L.B.: Under cover

L.B.: Under cover September 5, 2008

Left Behind, pp. 465-468

The final chapter of Left Behind tells us about Buck Williams’ conversion and about Buck’s big confrontation with the Antichrist and about Buck’s confusion as everyone around him becomes tangled in the Antichrist’s web of lies. The big finale, in other words, is all about Buck.

And where is Rayford Steele during this end-of-the-book Buckapalooza? Last we saw him, more than 20 pages ago, he was back home, puttering around the house and mumbling about his flight schedule. We’re about to check back in with Rayford, briefly, but then it’s back to Buck for the last few pages. Rayford seems, in the second half of this book, to have slowly diminished from protagonist to protagonist’s girlfriend’s dad.

I can’t help but wonder how this played out in terms of the dynamic between our two authors. Our dual protagonists are transparent Mary-Sue surrogates for Jerry Jenkins and Tim LaHaye, and both authors seem invested in asserting their vicarious manly heroism through their respective avatars.* So I suspect there was, at the least, some discussion over the way that Buck/Jerry is hogging the spotlight in this final chapter while Rayford/Tim is sidelined. The resolution of that discussion may have something to do with the fawning praise of and deference shown to Rayford — I mean, to Captain Steele — throughout this final chapter.

Then again, this is a chapter in which the hero’s heroic feat consists mainly of mutely crying and then running away, so maybe LaHaye wasn’t too upset that it wasn’t his stand-in performing such feats.

The POV-switch back to Rayford is also a bit awkward in that we find him watching the press conference from earlier in the day. So instead of the usual “meanwhile, back at the ranch” transition it’s more like “a while back, back at the ranch.” This switch really should’ve happened a few pages ago, before Buck started fielding angry phone calls from Stanton Bailey and Steve.

To his credit, throughout most of this book Jenkins effectively uses the change in perspective to propel the story forward in time. He checks in with Buck early in the morning, then cuts to Rayford at noon, back to Buck in the evening, etc. Unfortunately, the momentum this contributes can’t begin to make up for what Jenkins gets wrong with this cutting back-and-forth. Where most writers use such scene-switching as a tool to avoid long stretches of logistical details, Jenkins uses them to squeeze in more of that sort of thing. He loves cutting to Buck just before he gets into a cab to ride to the airport, following his POV for the entire commute, and then, just as Buck finally arrives where he’s going, Jenkins will cut back to Rayford who is getting into his car to drive to church. It’s as though these switches were designed to get as much commuting and as little action as possible.

Here Jenkins cuts away from Buck, who is talking on the phone, and switches back to Rayford, who is watching television. That makes this, by Left Behind standards, an action-packed sequence.

Rayford Steele, Chloe and Bruce Barnes watched the U.N. press conference, straining to see Buck. “Where is he?” Chloe said. “He has to be there somewhere. Everybody else from that meeting is there. Who’s the girl?”

Well, if it’s not Loretta or Marge Potter, then it must be Hattie, since, post-Event, there only seem to be four women on earth.

I’m also not sure how Chloe would be able to recognize “everybody else from that meeting.” Nicolae, sure, she’d recognize him — he’s on the cover of People magazine** — and maybe Chaim Rosenzweig. But the Steeles have no idea who Steve Plank is and the assorted ambassadors and viziers of the OWG would be for them — as they are for us readers — an amorphous, faceless, nameless blob. From Chloe’s description, it seems that all of these people are gathered behind the podium at this press conference, which is what I imagine it would look like if, say, the Polyphonic Spree won a Grammy.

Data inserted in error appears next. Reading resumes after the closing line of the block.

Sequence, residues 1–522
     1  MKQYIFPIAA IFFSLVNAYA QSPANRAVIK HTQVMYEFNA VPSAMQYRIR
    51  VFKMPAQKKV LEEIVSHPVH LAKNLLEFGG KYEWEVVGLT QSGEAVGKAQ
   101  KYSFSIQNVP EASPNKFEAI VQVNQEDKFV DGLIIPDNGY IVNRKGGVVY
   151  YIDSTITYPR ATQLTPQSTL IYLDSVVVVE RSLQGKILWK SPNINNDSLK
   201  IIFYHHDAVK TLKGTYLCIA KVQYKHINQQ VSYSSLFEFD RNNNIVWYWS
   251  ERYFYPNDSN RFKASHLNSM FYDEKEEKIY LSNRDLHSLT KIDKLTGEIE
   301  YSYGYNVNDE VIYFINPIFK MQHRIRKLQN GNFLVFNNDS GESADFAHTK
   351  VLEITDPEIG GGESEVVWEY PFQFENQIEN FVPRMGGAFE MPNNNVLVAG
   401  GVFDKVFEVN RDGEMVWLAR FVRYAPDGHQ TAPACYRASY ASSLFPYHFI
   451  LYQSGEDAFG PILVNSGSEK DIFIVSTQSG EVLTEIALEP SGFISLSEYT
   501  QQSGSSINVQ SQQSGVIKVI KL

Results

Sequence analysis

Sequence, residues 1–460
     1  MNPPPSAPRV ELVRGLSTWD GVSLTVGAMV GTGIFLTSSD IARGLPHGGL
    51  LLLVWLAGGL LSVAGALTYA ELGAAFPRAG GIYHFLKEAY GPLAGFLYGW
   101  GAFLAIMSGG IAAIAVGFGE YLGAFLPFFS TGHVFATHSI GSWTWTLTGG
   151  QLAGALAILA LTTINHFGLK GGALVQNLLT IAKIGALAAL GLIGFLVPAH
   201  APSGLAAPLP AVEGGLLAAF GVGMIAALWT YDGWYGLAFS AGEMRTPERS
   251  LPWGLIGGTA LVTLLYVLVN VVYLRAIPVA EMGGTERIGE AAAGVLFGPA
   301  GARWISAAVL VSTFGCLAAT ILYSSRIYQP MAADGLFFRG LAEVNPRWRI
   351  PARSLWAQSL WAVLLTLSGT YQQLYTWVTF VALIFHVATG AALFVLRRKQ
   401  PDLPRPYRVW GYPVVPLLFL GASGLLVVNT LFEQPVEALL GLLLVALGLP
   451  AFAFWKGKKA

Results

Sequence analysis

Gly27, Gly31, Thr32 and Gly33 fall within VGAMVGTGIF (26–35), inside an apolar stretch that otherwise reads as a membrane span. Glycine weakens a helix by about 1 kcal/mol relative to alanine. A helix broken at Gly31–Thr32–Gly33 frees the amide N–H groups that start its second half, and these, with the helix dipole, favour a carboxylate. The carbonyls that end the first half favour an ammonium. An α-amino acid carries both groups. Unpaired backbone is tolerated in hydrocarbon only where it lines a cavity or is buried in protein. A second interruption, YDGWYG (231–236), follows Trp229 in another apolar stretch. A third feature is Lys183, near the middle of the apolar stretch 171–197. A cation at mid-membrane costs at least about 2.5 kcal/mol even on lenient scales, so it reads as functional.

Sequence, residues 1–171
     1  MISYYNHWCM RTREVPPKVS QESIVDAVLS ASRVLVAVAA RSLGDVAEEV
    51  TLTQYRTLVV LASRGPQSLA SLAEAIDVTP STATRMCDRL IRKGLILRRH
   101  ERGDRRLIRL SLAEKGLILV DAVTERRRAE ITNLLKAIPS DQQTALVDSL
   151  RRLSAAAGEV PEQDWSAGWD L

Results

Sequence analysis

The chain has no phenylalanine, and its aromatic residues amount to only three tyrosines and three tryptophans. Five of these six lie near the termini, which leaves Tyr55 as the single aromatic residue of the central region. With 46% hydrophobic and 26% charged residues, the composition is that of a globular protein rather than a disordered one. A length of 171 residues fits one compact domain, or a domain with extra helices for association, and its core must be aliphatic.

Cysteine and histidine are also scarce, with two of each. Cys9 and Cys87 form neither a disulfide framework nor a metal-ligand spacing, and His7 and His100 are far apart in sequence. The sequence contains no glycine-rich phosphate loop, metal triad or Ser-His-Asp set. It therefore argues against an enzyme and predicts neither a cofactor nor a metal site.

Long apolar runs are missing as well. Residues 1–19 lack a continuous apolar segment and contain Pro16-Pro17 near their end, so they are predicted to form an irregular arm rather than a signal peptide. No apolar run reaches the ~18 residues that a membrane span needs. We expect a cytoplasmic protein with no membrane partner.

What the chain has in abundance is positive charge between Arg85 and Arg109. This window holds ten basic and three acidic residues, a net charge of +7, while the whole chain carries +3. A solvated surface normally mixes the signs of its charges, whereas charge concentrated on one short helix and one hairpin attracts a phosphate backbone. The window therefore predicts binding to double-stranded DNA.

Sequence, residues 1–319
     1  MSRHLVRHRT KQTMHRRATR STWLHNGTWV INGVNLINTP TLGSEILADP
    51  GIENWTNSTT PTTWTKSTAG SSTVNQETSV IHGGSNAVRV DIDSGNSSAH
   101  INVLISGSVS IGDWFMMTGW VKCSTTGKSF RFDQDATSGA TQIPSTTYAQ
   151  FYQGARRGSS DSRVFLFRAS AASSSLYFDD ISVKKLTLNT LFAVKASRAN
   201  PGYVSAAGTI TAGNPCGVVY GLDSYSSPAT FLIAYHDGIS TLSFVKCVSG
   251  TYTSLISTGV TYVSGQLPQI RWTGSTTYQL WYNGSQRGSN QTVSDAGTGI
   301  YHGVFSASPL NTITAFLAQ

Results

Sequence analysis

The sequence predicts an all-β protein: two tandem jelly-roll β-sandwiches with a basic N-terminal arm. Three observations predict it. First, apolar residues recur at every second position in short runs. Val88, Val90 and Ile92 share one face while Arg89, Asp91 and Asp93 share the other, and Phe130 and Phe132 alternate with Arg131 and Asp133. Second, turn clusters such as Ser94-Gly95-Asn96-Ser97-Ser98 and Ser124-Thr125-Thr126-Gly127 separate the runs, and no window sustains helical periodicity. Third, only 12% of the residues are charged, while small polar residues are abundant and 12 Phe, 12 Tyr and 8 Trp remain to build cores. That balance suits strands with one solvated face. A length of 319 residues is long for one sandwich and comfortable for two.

Rayford stood when he saw her and silently pointed at the screen. “Dad!” Chloe said. “You’re not thinking what I’m thinking?”

“It sure looks like her,” Rayford said.

“Shh,” Bruce said, “he’s introducing everybody.”

Oh, great. That was our one chance to find out who all those Other People in this chapter are and we missed the whole thing ’cause the Steeles were talking.

“And my new personal assistant, having given up a career in the aviation industry …”

Rayford flopped into a chair. “I hope Buck wasn’t behind that.”

“Me, too,” Bruce said. “That would mean he could’ve been sucked in, too.”

“A career in the aviation industry” makes it sound like Hattie had been designing engines for Boeing, but the way Nicolae introduces her is less strange than the fact that he introduces her at all. This has to be one of the weirdest and most surreal press conferences in the post-history of the world:

“Ladies and gentlemen, I am sure you have some questions about the bloodbath that has just taken place in my inner sanctum. Rest assured, I will answer those questions, pronounce my regrettable benedictory obituary for the deceased, and then brainwash you all into believing an implausible lie about what actually occurred. First, however, I would like to take this opportunity to introduce to you the surviving members of my cadre of global dominion, beginning with the emperor-prince of the Great States of Oceania and working my way up to my press secretary, my botanist errand boy, my driver and, finally, my eye-candy personal assistant …”

The news of the Stonagal suicide and Todd-Cothran’s accidental death stunned them.

L&J seem to think that the Steeles and Bruce would recognize those names, but why would they? Stonagal is a shadowy, behind-the-scenes power broker, somebody who works hard to keep his name out of the headlines. Todd-Cothran holds a prominent position, but it’s not like being the head of the London Stock Exchange would make him a household name in Illinois. I don’t recall ever seeing Clara Furse chased by the paparazzi.

In any case, if the Steeles do know who Stonagal and T-C were, it certainly wasn’t from reading anything that Buck wrote.

“Maybe Buck took my advice and didn’t go,” Bruce said. “I sure hope so.”

“That doesn’t sound like him,” Chloe said.

“No, it doesn’t,” Rayford said.

Running from danger? Actually …

“I know,” Bruce said. “But I can hope. I don’t want to find out that he’s met with foul play. Who knows what happened in there …”

Ooh! I do, I do! I already know what happened just like I already knew that Hattie was Nicolae’s personal assistant before you silly characters did.